Dillard’s deploys mobile learning to keep employees in the know


It’s not hard to imagine the scenario: A pop star performs on an awards show, debuting a fabulous new makeup look. The next day, fans go in search of product recommendations and application techniques. They just might find it at Dillard’s.

In recent years, the retailer’s army of 6,000 beauty advisors spread across 29 states have been in constant learning mode, staying updated on cosmetics, skincare, fragrance and makeup. There’s formal training — but there’s also a constant flow of on-demand, bite-sized segments on trends, five-star service, product launches and promotions, in addition to the opportunity to create community through comments and learn from internal beauty influencers.

Best of all, it’s right there on their phones, accessible when and where they want it. The tool is called Learner Mobile — branded at Dillard’s as Beauty Institute Mobile — and Sheryl Porter, director of beauty education at Dillard’s, sees it as a convergence of YouTube, Instagram and Facebook, as well as a lot of fun.

“We’re always looking at ways to do things differently,” Porter says. “We saw a huge need in educating our team, and also knew that generationally, the sales team is changing. They’re younger, and they like to process information and receive information differently than traditional methods.”

Learner Mobile is not just a web-based formal training program optimized for mobile. Its informal learnings are available on desktop in addition to iOS and Android, but it is decidedly mobile-first. It uses artificial intelligence and algorithms to determine where the community is most engaged, and what is likely to engage them next.

Learner Mobile also provides ongoing analytics and reports that tie training back to key performance indicators. And there is no risk of an information breach in terms of metrics, as all information is internal, rather than shared on a social network. Learner Mobile — and BIM, by extension — is not crowdsourced, adding credibility.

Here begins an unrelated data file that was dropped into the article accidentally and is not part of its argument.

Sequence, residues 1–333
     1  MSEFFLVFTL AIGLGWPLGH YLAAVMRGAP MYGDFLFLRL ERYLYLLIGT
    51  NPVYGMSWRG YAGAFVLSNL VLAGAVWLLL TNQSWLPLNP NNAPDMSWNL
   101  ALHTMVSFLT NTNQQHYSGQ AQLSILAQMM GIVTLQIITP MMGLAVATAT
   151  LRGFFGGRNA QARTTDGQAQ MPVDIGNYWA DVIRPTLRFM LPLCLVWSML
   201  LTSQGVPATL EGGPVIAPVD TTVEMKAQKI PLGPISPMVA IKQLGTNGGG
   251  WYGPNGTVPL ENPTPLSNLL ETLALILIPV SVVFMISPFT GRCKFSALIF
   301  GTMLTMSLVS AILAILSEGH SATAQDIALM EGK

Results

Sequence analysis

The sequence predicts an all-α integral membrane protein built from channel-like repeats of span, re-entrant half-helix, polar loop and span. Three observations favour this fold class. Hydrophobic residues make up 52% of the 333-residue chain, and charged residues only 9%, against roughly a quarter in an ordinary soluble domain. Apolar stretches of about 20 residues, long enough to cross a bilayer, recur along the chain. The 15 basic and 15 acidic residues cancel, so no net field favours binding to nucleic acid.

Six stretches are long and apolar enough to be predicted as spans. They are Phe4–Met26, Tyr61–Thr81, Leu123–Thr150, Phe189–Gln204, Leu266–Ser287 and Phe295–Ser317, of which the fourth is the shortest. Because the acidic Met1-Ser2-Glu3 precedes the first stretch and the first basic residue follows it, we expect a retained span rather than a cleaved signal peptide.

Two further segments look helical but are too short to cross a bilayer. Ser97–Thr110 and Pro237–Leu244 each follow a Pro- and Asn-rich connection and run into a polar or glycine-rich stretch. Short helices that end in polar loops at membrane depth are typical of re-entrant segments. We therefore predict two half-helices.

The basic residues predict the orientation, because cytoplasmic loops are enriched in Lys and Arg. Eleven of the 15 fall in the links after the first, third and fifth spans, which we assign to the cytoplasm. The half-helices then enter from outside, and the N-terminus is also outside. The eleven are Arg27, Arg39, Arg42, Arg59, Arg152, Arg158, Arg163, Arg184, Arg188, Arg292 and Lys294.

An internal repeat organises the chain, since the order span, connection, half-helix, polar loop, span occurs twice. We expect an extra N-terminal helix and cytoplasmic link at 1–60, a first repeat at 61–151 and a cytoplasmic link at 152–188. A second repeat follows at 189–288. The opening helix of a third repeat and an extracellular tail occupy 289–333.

That last bit is an important distinction, says Learner Mobile President Tim Harmon. If users are “spending their days in the retail space in Learner Mobile, just browsing and having fun, that’s not good,” he says. “As we know in retail, they need to be spending that time on the floor. We designed this application to allow people to get in, pinpoint what it is that they need to be productive and get out.” All the same, today’s training content must be marketed to those learners, engaging their interest rather than simply being directive.


The relationship between Dillard’s and Learner Mobile goes back further than the introduction of the system. The companies have worked together for a decade; Dillard’s was the first company to sign on for Learner Mobile with parent company SVI, which also offers 36 Dollar 360 — a low-priced, easy-to-use 360-assessment system — and Quickfires, a low-priced, easy-to-teach library of off-the-shelf training courses for managers.

Those themes of “easy” and “low-priced” are by design. Harmon says the SVI leadership came up in the retail marketing space; based in Arkansas, its mere proximity to the multinational retailer also in the state deeply engrained the concepts of speed, scalability and low cost early on. The overall idea is to empower every single employee, and SVI has worked with a variety of complex organizations to make it happen, including Tyson, Walmart, Interstate Batteries, BSN Sports and AutoNation.